Randolph contends the trial court erred in denying his motion for a mistrial. The facts are these. In its case in chief, the State called to the stand investigating officer Danny Sorbello. The officer testified that during the course of his investigation he obtained the name of Randolph as a potential suspect in the shooting of Hicks. The following exchange then occurred:
Q.     Did there come a point when you went looking for the suspect that you had, Marshall Randolph?

A.    After myself and Sergeant Gault got the name of the possible suspect, we then went to our B of I and we looked this individual up to see if we can get a picture of him so that we would know who we would be looking for and we weren’t able to get a picture - -

R. at 221-22. At that point defense counsel objected, asked to approach the bench, and outside the presence of the jury moved for a mistrial. The trial court denied the motion but agreed to give “any kind of admonition you like or none if you’d like that.” R. at 228. Counsel declined the offer of an admonishment saying it would likely rather hurt than help. R. at 228-29. In this appeal, Randolph contends the trial court committed reversible error in denying the mistrial motion.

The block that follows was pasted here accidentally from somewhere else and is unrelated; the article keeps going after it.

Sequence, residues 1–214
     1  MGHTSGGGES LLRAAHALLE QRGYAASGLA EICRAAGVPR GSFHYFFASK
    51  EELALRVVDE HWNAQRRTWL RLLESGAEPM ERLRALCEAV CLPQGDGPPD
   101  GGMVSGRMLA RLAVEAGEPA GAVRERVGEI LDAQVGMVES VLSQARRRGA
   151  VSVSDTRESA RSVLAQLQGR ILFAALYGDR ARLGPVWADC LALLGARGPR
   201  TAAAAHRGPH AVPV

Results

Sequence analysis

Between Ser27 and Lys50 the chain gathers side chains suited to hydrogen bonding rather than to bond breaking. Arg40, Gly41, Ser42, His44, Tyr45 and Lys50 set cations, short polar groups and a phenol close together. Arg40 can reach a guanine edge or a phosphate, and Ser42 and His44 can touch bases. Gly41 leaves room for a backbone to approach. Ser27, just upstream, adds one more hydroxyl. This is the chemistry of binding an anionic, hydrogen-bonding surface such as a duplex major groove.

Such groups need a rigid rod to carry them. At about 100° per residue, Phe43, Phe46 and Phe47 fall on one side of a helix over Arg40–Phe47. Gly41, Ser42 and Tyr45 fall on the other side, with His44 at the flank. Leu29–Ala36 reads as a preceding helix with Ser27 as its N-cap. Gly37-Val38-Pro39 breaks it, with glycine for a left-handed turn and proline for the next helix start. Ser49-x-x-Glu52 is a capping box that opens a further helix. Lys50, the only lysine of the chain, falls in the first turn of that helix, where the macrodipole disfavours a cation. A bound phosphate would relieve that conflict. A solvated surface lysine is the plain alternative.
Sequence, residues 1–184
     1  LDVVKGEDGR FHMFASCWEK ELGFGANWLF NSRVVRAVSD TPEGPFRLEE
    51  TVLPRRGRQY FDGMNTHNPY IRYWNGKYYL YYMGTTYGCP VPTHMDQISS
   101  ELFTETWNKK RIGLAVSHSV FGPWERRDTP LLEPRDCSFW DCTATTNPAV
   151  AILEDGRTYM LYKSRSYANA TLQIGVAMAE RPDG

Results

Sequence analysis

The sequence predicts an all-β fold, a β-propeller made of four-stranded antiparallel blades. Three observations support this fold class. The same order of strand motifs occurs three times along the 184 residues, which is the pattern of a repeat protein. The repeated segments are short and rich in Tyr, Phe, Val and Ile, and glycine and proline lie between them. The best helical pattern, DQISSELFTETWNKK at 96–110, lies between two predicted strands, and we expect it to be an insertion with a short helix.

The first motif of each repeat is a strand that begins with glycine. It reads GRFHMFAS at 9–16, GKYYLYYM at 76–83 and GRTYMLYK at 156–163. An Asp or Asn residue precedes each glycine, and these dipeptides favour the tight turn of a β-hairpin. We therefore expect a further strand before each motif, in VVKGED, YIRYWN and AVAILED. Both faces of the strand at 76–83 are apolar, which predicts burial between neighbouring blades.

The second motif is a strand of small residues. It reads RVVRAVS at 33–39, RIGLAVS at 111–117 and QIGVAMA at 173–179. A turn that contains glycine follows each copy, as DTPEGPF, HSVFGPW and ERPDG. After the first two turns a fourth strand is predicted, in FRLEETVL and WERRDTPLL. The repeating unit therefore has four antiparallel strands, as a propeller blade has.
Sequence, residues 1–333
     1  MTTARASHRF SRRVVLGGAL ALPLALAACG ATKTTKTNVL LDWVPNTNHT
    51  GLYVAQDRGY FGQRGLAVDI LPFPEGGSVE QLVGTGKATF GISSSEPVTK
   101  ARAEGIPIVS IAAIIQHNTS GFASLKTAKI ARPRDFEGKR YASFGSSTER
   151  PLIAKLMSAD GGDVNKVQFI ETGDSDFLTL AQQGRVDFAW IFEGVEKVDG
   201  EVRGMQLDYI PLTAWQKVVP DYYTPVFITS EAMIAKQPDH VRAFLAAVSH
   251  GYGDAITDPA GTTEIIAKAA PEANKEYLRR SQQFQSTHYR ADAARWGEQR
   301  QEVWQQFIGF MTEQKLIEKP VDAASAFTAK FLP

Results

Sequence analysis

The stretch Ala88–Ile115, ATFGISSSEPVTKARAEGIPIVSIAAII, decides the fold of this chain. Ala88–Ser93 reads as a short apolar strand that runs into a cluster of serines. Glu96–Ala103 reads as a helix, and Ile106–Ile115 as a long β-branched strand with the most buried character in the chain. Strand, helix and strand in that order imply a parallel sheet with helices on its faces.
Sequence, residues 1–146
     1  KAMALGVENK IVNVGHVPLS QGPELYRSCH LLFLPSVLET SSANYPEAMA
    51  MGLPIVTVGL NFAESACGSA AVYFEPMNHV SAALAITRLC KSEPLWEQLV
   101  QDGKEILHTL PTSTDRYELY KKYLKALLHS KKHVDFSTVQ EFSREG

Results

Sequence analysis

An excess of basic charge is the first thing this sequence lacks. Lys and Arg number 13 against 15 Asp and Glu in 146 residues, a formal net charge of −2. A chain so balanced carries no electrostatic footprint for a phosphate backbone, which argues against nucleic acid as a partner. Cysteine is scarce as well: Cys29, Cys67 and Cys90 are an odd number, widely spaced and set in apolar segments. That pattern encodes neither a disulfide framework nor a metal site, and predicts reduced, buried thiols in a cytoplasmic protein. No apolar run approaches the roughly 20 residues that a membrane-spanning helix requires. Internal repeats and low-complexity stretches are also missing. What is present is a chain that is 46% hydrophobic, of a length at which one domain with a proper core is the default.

“A mistrial is an extreme remedy that is warranted only when less severe remedies will not satisfactorily correct the error.” Warren v. State, 725 N.E.2d 828, 833 (Ind. 2000). “A timely and accurate admonition is presumed to cure any error in the admission of evidence.” Heavrin v. State, 675 N.E.2d 1075, 1084 (Ind. 1996) (quotation omitted). However, refusal of an offer to admonish the jury constitutes a waiver of any error in the denial of the motion. Boyd v. State, 430 N.E.2d 1146, 1149 (Ind. 1982); Hicks v. State, 272 Ind. 350, 397 N.E.2d 973, 975 (1979); see also Walker v. State, 497 N.E.2d 543, 544 (Ind. 1986) (finding trial court did not abuse its discretion in denying motion for mistrial where defendant declined trial court’s request to admonish the jury). Because Randolph refused the trial court’s offer to admonish the jury, the issue is waived for review.